I know what it's like to feel guilty because you feel like you "lead someone on". You didn't. You acted interested because you WERE interested. Then he started making you uncomfortable, for whatever reason. Don't force yourself to interact with people that give you the creeps.
He might be an awesome guy, but even moreso if he is, he doesn't deserve a pity friendship. It would never have led anywhere, you had to break things off at some point, and the longer you waited, the worst it would have been
You might think it's nice not to reject someone flat out, but the more hope you give someone, the more they create feelings and attachment and the more crushed they are when you finally do reject them.
As much as it would have disappointed him, after the date turned out terribly you should have told him it just wasn't working, and if he kept contacting you, that he was contacting you too much.
You need to be assertive about what you want. You know what you comfort level is, other people do not, and it's good to let them know. It is respectful to them, for respectful than leading them on - which you didn't do at the festival, but you did with the friendship.
Someday he'll meet someone and it won't be awkward when they date, or it will be but they'll laugh about it and want to see each other again. If he needs to be more confident, you might think that turning him down would hurt, but dragging it on hurts more.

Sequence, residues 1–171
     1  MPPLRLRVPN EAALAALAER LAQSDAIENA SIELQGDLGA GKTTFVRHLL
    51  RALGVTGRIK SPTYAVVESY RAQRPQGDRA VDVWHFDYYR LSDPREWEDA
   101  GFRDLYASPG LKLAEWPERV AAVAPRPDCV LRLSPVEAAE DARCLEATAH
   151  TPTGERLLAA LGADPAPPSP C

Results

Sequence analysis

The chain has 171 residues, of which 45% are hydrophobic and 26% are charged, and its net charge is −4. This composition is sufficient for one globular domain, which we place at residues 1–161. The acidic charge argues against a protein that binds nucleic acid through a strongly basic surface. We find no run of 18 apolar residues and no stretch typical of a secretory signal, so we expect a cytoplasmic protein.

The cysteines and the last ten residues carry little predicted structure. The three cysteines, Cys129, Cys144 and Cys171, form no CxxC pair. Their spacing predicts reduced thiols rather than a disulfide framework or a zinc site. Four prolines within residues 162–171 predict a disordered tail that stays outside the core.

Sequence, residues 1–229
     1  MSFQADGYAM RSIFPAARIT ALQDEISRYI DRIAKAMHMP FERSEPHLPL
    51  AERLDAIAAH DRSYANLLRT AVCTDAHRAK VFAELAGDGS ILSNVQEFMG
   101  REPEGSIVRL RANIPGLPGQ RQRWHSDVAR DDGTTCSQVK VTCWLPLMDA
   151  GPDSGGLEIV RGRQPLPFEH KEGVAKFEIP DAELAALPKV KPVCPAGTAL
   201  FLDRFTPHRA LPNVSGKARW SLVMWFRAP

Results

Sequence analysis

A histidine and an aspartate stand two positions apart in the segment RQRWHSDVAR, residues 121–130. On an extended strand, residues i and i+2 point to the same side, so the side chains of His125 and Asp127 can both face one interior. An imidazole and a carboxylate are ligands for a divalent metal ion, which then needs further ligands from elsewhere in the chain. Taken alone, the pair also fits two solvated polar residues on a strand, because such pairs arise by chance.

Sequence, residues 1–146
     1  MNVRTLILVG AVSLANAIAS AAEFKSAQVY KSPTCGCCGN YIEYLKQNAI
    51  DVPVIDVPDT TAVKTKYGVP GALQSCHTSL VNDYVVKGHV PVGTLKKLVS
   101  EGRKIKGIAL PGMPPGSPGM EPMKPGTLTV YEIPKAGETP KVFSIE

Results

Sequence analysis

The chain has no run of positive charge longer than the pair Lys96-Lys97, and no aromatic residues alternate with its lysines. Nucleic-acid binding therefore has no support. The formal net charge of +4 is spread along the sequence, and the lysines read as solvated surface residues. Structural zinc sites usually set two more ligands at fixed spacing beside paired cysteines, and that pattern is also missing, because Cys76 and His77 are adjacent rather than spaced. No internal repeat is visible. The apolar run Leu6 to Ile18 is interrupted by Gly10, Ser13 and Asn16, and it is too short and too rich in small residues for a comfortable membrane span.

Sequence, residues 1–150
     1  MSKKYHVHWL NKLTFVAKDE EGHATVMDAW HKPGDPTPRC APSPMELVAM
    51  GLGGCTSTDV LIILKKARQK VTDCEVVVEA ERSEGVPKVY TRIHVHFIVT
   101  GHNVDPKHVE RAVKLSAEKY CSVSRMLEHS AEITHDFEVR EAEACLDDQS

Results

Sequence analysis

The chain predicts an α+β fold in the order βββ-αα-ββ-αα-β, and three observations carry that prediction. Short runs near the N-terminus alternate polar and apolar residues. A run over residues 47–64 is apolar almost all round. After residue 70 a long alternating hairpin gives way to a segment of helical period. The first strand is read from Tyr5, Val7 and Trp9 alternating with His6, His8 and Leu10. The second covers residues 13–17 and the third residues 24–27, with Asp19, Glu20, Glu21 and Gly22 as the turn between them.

As for not wanting to take risks anymore: sometimes risks don't pay off, and we get hurt. We ask someone out we like and they say no. We try something new and something bad happen. We need to dissociate between the bad consequence and what we did. If you want someone to eventually say yes, you need to keep asking people. If you want to experience new things, you need to try new things.
There isn't always a clear-cut answer. It takes introspection to decide between what we should learn from and what we should brush aside and try again.
Your post, Meera, reminds me of this woman I recently met. She and I just started talking at Starbuck's last week, so I don't know her that well, but she was embroiled in this drama with a guy she was seeing.
Basically, she was upset that he was traveling alot and not informing her of his schedule, even though she had asked him many times to synch up his calendar with hers so she would at least know when she could see him. When he first went out of town, he had said he wanted to fly up to NYC from where he was to see her every weekend. He never got around to doing that, nor letting her know his schedule, yet kept sending her lovey dovey messages without acknowledging her requests. She said they had an argument when he told her he would still be out of town for another month, which prompted her to tell him she was losing interest. They'd been apart for five weeks at that point, and the relationship was only four months along.
Still, he kept doing what he was doing, being vague about his plans, sending her "love you, miss you" texts and not even letting her know he had to take another trip. She finally called him and asked him to check his calendar right then and there and tell her when she would see him. He told her his calendar was on his Blackberry and he couldn't switch from talking to her on it to viewing his calendar, so he would check it and call her back later the same day. He never did. So, feeling dismissed and unimportant, she broke up with him.